“I mean, you have a whole apartment’s worth of stuff.” I thought once I’d hit my 30s, I’d never have to help a friend move in exchange for pizza and beer ever again. My husband loved to save money– he literally had us blind taste test Costco coffee and some bulk brand he found on Amazon to see if we could drink the cheapest coffee possible, or if we should splurge and stick with the second cheapest– but we’d hired people our last two moves. We weren’t sadists. (Masochists? I can never keep the two straight. I guess both apply.)
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I don’t think there’s a smell quite as refreshing as burning sage– a little like mint, but more astringent. I’ve lost count of how many smudge ceremonies I’ve performed over the years: for every new apartment, after every breakup, for each spring equinox. It’s become a part of my process for letting go of the old and moving forward.
So I was a little surprised when my mother and stepfather weren’t interested in my performing the ceremony in their apartment. Mom’s doctors had officially declared her cancer in remission. It only made sense to me that we should cleanse their home of the bad energy that had settled over it during her treatment.
“Oh, that’s very sweet of you, honey,” she’d said when I first made the offer during the dinner celebrating her health. “But it’s really not necessary. We have the cleaning lady come in once a week anyway. She does a good enough job.”
“Right. Well, she does a physical cleaning,” I explained, “but this would be more of a spiritual cleaning.”
The sound echoed through the gym. I wouldn’t have thought much of it– folks were always dropping large, heavy objects around there– but it was accompanied by a very atypical screech.
“Oh, shit!” some woman yelled out from behind where I was working with my trainer, Eric. I looked back and saw Kristy’s latest fling sprinting across the room, towards the cardio equipment.
Where Claudia had gone.
“Weight’s the exact same as last year. That’s good,” Dr. Shoemaker said, peering at my chart. “But your blood pressure is concerning. Does high blood pressure run in your family?”
I shook my head. “Not that I know of.”
She sighed and took off her reading glasses, peering at me with a look similar to the one my older sister, Janine, shot me whenever she was disappointed with my handling of, well, anything in my life. I wondered if she had gotten into general medicine because she could look so stern; everything about her was angular and sharp: the line of her bob, the set of her jaw, her frown and narrow eyes. That must help with inspiring the fear necessary to motivate healthy decisions. “I’m not thrilled with your LDL or triglycerides, either. And we’re going to need to set up a fasting glucose test for you. I suspect you might be pre-diabetic.”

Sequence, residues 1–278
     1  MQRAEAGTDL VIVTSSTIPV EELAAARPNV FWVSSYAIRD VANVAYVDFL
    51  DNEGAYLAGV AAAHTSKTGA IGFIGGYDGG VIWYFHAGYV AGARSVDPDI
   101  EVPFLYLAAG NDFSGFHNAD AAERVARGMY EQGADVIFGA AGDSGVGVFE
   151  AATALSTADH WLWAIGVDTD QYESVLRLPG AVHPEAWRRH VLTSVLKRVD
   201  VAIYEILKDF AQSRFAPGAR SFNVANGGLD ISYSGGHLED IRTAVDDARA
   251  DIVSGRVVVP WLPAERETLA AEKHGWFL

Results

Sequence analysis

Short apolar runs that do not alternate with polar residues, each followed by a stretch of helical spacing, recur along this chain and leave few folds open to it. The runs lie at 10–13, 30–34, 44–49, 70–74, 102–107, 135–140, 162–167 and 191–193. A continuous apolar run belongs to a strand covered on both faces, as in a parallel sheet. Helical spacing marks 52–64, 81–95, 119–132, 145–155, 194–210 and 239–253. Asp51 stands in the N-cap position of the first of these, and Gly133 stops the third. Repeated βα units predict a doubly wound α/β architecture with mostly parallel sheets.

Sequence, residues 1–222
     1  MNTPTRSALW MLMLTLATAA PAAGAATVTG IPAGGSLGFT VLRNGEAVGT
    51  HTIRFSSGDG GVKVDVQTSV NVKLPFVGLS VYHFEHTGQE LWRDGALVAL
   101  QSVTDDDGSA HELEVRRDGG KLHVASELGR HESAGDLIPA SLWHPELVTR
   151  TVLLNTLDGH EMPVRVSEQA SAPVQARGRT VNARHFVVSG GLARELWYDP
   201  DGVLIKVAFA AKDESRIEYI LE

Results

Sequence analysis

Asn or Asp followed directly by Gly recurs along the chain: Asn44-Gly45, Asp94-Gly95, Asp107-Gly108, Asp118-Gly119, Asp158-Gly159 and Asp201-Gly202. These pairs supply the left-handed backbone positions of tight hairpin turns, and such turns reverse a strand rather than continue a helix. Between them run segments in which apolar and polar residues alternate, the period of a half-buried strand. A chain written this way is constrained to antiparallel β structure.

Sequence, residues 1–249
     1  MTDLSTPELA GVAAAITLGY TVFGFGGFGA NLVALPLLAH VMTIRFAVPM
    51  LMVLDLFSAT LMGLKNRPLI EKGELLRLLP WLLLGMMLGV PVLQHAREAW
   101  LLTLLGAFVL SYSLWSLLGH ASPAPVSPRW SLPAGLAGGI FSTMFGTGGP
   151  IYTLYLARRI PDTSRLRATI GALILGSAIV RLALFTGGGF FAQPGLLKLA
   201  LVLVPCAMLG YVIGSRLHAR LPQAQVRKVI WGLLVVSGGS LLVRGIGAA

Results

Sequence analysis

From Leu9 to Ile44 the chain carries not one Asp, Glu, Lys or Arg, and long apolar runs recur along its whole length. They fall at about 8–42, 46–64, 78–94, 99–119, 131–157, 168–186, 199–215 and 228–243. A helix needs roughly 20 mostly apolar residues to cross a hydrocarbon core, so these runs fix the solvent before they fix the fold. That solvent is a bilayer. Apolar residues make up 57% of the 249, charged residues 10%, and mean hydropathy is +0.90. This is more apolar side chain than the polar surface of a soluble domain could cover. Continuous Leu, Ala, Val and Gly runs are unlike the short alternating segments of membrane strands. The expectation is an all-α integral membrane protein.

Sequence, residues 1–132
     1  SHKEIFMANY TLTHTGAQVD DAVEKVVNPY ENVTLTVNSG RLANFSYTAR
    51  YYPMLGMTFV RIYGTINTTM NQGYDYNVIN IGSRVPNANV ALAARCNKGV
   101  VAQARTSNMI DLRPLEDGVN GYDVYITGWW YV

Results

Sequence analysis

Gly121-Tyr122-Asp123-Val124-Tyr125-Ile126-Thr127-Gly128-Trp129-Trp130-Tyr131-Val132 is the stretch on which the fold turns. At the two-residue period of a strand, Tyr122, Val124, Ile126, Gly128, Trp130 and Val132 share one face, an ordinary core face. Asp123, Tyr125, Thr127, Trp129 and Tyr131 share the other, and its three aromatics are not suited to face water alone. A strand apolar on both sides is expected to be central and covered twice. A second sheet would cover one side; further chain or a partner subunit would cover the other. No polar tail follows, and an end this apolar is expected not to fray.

“Today’s inspiration,” Misty held her arms up in the air like a televangelist as she said these two words, “I want you to write about your friends from childhood. Think about how to describe their essence.” Her hands turned to fists with the word “essence,” and I thought, once again, if I hadn’t already paid for this damn course, I could have dropped out. “Think about what they looked like, what they smelled like. Make them our friends, too.”
I grit my teeth and doodled a few curse words in the corner of my planner. Usually the writing workshops at the Stamford Public Library weren’t terrible. I’d done a six-week screenwriting class that resulted in half of a screenplay that I never planned to do anything with but really helped me punch up my plotting.
Despite it’s dubious name, Wow-Worthy Writing seemed like it could have potential: Make your stories come alive with better details! But even I, MFA-school dropout, could have taught this class better.